However, when I talk of forgiveness, I mean the belief that you can come out the other side a better person.  A better person than one being consumed by anger and hatred.  Remaining in that state locks you in a state of victimhood, making you almost dependent on the perpetrator.  You can move on, and you can even help the perpetrator to become a better person, too.

In other words, anger is a great place to be but it’s a fucked-up place to stay. 

I have only VERY recently learned how to better-behaved when confronted on animal rights issues.  When I witness others struggling with new information, instead of getting angry, I now attempt to focus on, “How can I be helpful? How can I show empathy?” (I didn’t come to this on my own, my therapist is a cardigan-shrouded goddess).

I realized, humanity isn’t awful.  Humanity doesn’t have to be destructive (though it often is).  Humans can beautifully connect with the other inhabitants of our earth. 

Being compassionate towards others doesn’t mean that you drop your torch and stop fighting for the cause.  It doesn’t mean that you are required to make people feel more comfortable doing something that you know is wrong.  You can still present information, which may trigger others to do a deep-dive into their choices.  Compassion doesn’t mean laying down.  It just means that on the way, you see yourself in other people and treat them with curiosity, instead of judgment.  It’s difficult to do when you know the suffering of living things is happening and someone says, “But bacon is so good.”  Actually…that still makes me mad, never mind. I have work to do, I guess ¯\_(ツ)_/¯.

Like I mentioned in a prior post, it took me a long time to get on this journey and I’m still very much a work in progress!  I still use plastic ziplock bags sometimes, I drive a car, I forget my reusable mug on occasion, I travel in an airplane.  But if some pushy vegan approached me during that time and told me my efforts to do better were stupid, I would have pushed away.  No one tells a Sagittarius what to do!  I learned through this retrospect, that you catch more flies with agave than you do with vinegar (I’m trying to veganize this phrase and it’s not….cute).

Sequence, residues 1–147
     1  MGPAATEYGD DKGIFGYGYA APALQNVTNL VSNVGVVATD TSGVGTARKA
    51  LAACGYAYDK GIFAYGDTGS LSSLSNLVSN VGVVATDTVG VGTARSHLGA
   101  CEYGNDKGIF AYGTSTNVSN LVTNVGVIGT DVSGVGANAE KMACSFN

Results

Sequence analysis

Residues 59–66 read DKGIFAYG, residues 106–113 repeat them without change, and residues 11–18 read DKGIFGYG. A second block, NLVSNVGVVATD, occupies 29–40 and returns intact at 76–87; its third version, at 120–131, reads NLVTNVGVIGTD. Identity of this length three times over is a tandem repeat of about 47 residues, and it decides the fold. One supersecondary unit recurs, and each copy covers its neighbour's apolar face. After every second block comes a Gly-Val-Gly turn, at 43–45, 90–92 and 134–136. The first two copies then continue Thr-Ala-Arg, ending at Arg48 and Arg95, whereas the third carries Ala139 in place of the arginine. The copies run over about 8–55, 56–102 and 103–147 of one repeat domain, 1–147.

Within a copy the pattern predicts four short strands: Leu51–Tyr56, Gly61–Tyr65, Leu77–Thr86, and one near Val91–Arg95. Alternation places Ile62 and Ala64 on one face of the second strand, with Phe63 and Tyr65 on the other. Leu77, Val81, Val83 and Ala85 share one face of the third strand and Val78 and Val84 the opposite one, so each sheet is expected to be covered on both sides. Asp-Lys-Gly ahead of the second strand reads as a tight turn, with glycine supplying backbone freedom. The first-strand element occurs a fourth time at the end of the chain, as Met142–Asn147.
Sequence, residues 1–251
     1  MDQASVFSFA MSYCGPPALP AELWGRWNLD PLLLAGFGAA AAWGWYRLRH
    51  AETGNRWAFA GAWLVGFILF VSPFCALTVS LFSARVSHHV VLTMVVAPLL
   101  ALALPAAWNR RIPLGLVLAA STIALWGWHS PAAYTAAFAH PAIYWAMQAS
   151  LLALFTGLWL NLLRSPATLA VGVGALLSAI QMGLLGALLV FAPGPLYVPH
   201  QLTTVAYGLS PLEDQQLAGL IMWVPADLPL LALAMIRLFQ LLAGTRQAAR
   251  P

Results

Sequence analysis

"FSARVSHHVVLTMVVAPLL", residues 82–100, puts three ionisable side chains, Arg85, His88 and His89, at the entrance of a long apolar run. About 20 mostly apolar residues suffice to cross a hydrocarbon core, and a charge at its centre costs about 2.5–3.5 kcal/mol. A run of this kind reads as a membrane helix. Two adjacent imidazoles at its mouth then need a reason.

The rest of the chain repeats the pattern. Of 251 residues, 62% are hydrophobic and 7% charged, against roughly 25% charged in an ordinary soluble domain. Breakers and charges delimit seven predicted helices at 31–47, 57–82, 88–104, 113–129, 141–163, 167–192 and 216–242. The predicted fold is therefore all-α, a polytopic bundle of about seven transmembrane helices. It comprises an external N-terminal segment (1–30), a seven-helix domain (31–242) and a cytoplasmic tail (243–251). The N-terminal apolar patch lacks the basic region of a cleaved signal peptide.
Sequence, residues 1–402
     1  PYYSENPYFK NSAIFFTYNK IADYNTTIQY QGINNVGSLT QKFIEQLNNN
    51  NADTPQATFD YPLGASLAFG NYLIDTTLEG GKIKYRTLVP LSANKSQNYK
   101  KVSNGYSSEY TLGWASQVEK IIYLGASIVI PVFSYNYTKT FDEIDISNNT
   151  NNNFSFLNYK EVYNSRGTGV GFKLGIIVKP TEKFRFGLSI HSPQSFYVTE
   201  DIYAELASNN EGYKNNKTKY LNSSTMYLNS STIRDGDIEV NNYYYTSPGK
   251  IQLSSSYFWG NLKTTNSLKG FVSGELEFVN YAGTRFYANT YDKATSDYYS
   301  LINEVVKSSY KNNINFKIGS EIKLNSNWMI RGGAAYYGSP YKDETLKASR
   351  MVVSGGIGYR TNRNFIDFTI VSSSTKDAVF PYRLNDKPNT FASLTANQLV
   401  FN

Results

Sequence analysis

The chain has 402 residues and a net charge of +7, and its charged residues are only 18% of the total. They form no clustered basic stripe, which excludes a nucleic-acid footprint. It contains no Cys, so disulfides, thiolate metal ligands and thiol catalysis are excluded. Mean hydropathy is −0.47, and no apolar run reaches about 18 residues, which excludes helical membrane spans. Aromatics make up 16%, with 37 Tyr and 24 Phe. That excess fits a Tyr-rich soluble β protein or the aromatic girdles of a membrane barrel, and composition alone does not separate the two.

Instead of getting angry now, I am trying to choose gratitude.  Again, my therapist told me to do this, I’m not some magical wizard that came up with this beautiful idea on my own.  I’m not great at it, yet, but here are some things that I’m currently grateful for –

  • I am grateful to realize that my desires do not entitle me to cause suffering
  • I am grateful for friends who have guided me on my journey
  • I am grateful that no pushy vegan was a jerk to me for eating cheese 10 year ago
  • I am grateful for the opportunity to plant seeds and spread information
  • I am grateful for those who share their internal conflicts with me
  • I am grateful for discussion
  • I am grateful that there are so many ways to live a good life
  • I am grateful that there are smarter people than me that I can learn from

If you find yourself getting angry, try this peaceful thought: we are all connected – plants, animals, and those who live differently than us. They are me and I am them.

I’m still working on it.  And I’m grateful. 

For my readers – when have you encountered differing opinions about something you feel strongly about?  How did you approach it?  This doesn’t have to be about food – it can be about anything!  I would love to hear 🙂

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The author, photo by Scott McCormick 
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2 comments

  1. OK so I think this may be my favorite installation of the gentle lentil to date! It really highlights how intertwined our mental and emotional state is with what’s on our plate and in our thoughts! Your writing here Is both humorous and inspirational with just the right amount of explicative deleted’s! And a stunning amount of self-awareness… So many important ideas here… Thanks Shannon!

    Liked by 1 person